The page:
A study (http://goo.gl/CDhcTO) by IZEA and the Halverson Group undertook a look at the question of how much value there was in a [conventional] blog post. While most marketers and marketing conventional wisdom had assumed the value of a blog post to be approximately 30 days, their study concluded that only after 24 months has 99% of a blog post's impressions been obtained.
They also identified three distinct phases in the life cycle of a blog post: "Shout", "Echo", and "Reverberate".
Shout: The “Shout” phase yields an initial steep spike in impressions that occurs within the first week to ten days, when 50 percent of a blog post impressions are generated.
Echo: The “Echo” phase begins shortly thereafter and lasts until day 30, when 72 percent of blog post impressions are realized.
Reverberate: The third, and likely least studied, phase in a blog post’s life cycle is the “Reverberate” phase. This phase makes up the 28 percent of remaining impressions and lasts from day 30-700. The Reverberate Phase is important for both content creators and marketers, as that is where the long tail value occurs. It is also the phase that most blog post impression metrics fail to take into account and quantify.
You might have noticed that I used the word conventional earlier to describe the patterns this study looked at. The reason is that I do not believe that this is what all blog posts look like, but instead how they look in aggregate when lumped in with the majority of content which is written for short-term impact.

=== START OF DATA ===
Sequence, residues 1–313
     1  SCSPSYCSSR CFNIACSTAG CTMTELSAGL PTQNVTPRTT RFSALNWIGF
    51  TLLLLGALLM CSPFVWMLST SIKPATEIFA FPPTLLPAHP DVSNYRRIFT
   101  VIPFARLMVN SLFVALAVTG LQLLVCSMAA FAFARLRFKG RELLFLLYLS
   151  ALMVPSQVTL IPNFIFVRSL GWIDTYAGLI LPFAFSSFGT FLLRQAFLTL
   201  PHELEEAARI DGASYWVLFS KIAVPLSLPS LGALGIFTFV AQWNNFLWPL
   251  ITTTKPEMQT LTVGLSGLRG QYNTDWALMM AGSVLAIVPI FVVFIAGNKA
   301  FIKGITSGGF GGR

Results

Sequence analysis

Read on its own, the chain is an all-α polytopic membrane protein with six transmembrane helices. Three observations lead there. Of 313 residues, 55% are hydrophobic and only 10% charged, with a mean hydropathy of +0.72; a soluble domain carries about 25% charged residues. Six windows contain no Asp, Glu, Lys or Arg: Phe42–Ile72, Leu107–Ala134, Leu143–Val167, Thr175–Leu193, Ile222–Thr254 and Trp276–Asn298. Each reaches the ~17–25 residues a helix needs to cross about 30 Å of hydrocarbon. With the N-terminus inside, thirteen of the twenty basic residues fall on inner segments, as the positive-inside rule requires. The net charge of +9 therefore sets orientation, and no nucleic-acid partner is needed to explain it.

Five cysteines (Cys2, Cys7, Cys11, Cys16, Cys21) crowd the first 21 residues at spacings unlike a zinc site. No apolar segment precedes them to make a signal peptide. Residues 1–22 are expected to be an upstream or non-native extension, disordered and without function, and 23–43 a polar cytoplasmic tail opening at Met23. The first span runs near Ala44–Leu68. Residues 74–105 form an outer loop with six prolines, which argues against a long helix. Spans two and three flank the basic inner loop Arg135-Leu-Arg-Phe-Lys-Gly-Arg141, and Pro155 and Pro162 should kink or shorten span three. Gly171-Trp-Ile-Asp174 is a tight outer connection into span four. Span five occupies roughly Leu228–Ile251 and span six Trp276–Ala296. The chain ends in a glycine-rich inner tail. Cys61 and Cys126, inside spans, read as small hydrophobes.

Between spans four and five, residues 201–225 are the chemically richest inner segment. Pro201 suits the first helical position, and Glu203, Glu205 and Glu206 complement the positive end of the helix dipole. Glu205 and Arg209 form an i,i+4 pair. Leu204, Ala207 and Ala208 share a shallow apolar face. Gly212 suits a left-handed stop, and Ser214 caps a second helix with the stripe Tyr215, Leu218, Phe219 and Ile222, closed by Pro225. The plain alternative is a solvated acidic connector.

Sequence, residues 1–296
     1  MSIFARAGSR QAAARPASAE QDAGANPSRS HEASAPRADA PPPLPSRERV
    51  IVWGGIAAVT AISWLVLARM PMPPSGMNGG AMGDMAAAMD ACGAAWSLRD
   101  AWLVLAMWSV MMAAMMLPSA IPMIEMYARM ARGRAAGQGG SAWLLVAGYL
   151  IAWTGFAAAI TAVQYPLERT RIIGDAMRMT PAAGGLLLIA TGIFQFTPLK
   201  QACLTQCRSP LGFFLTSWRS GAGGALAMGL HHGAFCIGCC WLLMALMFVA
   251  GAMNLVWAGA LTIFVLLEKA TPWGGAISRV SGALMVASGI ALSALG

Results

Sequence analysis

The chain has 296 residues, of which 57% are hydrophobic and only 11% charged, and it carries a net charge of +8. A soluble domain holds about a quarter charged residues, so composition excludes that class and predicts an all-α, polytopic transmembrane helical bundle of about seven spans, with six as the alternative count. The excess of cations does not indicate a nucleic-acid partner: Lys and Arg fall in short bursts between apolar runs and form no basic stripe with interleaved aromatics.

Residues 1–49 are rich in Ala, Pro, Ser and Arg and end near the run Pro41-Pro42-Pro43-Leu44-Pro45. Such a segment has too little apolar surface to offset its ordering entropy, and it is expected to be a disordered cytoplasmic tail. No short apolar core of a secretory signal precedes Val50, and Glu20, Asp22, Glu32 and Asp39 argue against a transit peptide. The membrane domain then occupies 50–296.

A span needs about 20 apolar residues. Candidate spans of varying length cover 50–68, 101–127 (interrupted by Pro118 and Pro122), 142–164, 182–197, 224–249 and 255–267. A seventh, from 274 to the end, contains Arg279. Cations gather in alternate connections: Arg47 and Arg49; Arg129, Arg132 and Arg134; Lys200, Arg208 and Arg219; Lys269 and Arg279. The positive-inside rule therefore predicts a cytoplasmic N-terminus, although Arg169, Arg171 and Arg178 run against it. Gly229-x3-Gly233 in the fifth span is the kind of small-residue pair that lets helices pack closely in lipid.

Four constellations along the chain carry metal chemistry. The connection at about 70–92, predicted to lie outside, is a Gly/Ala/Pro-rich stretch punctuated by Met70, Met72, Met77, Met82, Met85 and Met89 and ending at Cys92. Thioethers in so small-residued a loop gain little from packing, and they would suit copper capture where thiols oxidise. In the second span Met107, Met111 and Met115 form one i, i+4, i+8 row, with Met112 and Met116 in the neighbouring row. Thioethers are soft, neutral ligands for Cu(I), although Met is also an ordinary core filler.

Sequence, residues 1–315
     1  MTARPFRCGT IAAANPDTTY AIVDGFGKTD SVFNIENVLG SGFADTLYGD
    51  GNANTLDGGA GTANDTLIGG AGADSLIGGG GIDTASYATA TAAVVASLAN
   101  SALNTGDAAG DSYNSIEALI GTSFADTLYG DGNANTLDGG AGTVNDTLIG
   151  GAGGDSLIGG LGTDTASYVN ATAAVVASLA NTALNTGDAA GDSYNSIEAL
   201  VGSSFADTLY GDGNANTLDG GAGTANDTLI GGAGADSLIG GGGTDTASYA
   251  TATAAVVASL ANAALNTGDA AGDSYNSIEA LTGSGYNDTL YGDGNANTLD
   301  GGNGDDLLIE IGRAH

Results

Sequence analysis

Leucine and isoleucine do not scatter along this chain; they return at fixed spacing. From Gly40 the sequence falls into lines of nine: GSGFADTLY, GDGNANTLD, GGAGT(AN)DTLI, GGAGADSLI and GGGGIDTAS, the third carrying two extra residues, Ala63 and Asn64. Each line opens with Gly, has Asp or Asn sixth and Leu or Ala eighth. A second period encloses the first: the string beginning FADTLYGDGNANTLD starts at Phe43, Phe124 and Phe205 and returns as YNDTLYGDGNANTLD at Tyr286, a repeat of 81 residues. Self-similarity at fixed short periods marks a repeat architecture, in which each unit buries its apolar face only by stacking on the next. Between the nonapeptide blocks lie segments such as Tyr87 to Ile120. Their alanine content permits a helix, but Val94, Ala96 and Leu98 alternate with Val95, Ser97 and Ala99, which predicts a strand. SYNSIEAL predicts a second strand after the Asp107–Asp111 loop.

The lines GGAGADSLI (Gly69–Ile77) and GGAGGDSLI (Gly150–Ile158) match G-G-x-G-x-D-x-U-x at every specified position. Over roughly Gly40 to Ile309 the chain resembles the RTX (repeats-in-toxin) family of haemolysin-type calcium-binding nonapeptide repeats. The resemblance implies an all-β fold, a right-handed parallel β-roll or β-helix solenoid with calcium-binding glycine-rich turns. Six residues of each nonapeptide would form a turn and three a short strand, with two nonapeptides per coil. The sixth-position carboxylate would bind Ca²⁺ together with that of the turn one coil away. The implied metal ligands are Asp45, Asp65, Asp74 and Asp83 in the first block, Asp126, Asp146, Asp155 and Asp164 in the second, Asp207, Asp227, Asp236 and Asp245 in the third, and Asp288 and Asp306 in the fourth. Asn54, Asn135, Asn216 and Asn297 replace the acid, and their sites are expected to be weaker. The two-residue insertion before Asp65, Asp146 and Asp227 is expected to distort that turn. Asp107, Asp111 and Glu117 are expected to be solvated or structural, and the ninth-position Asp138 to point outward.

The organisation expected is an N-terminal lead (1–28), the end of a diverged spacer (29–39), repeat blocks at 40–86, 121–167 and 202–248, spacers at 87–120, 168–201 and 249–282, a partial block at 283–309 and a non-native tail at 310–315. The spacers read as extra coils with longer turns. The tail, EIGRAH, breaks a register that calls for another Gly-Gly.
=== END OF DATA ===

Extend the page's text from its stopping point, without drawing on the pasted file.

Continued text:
In many cases you could then say there are two additional phases, either of which can occur: "Growth" or "Spark".
In Growth, the content would begin gaining traffic due to inbound links and search traffic, moving up in the SERP and becoming an authority for the subject. This traffic would continue to gain as it both moves upwards in rankings, but also outward into more general queries. As it gains in rankings, it also gains from additional shares and inbound links.
In Spark, similar to Growth, the traffic comes mainly from search, but the sudden spark occurs due to an algorithm or display change. Many sites saw changes to their content as a result of Penguin and Panda, and others still from the addition of Answer Boxes and Rich Snippets. Those changes to the display of types of content could result in old content sparking again.
In my own blog post, linked below, I show examples where content, true evergreen content, breaks the mold described in this study and provides lasting value well beyond the 24 months discussed in their study.
Read the entire article here: http://www.confluentforms.com/2013/09/blog-content-life-cycle-dividends.html
Ping and H/T: , , ,
It's actually built on Blogger, but like many systems you have access to PublishedDate and LastUpdated from the data/database. We then use that data for display, but also in the microformatting/schema.